Nations launched a new round of talks on Monday for a 2015 deal to cut Earth-warming greenhouse gas emissions, in the aftermath of a devastating Philippines typhoon.
What’s the goal? The UN has set a target of limiting global average warming to two degrees Celsius over pre-Industrial Revolution levels — at which scientists believe we can avoid the worst effects of climate change.
How can we do this? The world seeks to reach that goal by curbing emissions of invisible, heat-trapping gases from burning fossil fuels which provide the backbone of the world's energy supply today.
Reducing this pollution requires a costly shift to cleaner, more efficient energy, which partly explains why the UN negotiations have been such a battlefield.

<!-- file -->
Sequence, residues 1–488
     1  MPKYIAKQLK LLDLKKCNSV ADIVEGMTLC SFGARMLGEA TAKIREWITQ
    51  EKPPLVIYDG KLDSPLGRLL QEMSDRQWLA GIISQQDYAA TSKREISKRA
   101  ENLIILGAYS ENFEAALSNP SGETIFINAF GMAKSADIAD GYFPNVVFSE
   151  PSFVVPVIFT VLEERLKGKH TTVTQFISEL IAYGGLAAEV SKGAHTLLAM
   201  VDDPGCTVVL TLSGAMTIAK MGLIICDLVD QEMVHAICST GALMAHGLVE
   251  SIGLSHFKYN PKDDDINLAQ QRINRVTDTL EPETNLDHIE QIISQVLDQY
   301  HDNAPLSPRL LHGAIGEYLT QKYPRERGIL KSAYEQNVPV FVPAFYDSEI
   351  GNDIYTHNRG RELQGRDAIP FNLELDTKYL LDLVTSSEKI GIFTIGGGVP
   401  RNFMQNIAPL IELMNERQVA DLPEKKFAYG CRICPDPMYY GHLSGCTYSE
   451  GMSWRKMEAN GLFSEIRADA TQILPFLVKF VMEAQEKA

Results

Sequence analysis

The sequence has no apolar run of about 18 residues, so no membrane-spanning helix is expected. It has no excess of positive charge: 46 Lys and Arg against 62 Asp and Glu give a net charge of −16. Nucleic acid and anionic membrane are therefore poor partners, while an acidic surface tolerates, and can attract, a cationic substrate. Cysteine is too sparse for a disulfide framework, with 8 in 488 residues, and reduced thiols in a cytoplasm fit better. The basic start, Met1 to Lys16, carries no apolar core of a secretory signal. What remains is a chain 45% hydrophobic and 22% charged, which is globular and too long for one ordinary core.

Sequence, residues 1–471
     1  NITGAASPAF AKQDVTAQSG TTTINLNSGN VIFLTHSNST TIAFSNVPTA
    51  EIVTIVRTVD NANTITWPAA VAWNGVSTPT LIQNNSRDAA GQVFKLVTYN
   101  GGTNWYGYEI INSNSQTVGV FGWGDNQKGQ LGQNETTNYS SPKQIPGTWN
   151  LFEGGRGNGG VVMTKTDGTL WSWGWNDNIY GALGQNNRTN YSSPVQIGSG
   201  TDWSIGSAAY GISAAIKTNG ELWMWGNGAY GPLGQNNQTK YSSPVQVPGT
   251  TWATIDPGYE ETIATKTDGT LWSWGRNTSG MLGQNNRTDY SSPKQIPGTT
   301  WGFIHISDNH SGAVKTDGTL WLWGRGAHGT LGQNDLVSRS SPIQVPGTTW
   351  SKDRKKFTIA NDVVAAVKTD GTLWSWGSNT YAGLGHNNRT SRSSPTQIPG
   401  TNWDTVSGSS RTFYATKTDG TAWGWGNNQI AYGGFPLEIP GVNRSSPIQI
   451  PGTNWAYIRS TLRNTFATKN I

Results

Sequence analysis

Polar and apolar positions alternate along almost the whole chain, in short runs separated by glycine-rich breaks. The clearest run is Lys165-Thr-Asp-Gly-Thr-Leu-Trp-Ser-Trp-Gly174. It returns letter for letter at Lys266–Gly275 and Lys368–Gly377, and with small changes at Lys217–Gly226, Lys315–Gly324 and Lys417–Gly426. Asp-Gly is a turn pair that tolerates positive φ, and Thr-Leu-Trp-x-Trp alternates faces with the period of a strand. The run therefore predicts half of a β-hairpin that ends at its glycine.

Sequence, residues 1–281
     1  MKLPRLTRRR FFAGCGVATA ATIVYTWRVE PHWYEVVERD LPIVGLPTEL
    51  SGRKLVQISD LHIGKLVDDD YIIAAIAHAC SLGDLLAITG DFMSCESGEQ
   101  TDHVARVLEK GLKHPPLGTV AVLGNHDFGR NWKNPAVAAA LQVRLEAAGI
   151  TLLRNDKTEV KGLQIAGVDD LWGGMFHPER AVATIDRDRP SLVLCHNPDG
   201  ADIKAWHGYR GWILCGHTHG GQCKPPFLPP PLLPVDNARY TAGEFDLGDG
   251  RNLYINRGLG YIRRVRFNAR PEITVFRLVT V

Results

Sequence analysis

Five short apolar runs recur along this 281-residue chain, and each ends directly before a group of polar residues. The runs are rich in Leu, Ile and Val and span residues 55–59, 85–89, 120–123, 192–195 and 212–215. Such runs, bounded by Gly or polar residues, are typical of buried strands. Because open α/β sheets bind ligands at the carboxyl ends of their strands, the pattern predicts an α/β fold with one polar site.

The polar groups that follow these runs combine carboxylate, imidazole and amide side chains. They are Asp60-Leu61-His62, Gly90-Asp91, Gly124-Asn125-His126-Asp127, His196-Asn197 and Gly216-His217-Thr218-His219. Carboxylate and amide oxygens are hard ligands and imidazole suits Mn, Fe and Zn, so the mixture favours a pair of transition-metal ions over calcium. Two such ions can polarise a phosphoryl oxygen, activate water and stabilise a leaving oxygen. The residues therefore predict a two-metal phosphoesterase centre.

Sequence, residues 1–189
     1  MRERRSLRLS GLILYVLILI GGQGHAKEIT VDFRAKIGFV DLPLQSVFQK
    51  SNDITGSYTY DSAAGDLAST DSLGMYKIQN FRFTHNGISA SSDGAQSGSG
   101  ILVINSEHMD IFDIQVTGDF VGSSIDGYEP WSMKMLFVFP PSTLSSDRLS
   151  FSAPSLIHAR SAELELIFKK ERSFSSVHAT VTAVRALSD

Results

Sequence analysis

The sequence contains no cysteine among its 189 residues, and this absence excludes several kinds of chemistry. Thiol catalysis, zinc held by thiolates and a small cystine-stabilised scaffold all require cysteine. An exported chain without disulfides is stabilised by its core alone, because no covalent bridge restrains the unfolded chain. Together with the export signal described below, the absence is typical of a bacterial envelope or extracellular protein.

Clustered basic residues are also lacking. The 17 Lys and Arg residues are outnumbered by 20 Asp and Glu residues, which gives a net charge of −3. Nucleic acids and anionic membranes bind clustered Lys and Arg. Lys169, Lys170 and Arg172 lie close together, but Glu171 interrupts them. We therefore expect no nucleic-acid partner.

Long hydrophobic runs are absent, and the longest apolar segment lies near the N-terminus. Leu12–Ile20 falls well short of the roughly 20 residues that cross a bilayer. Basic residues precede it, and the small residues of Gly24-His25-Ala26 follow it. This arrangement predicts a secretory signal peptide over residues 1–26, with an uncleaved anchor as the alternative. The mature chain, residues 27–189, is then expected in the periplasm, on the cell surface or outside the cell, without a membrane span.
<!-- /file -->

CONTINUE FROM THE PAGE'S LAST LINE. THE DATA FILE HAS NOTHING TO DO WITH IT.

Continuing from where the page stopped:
Are we on track? Last week, the UN Environment Programme (UNEP) said the chances of meeting the two-degree goal were “swiftly diminishing”, while the World Meteorological Organisation reported that atmospheric levels of greenhouse gases hit a new record high in 2012.
Background In September, the UN's Intergovernmental Panel on Climate Change (IPCC) predicted global surface temperatures could climb on average by as much as 4.8 C this century—a recipe for catastrophic heatwaves, floods & droughts.
They said that in order to contain warming to two degrees C, greenhouse gas emissions must drop to 44 gigatonnes of CO2 equivalent by 2020 and then halve by 2020.
What should we expect? Though the stakes are high, no specific targets have been set for this round of the annual talks.
Observers hope negotiators will do some legwork for the agreement, due to be signed in Paris in 2015 for and implemented five years later. The Warsaw talks are scheduled to wrap up on November 22, at ministerial level.
The gloves are expected to come off over help for poorer nations to cope with climate change.
Rich economies have yet to show how they intend to meet a pledge, made back in 2009, to muster $100 billion per year from 2020.AFP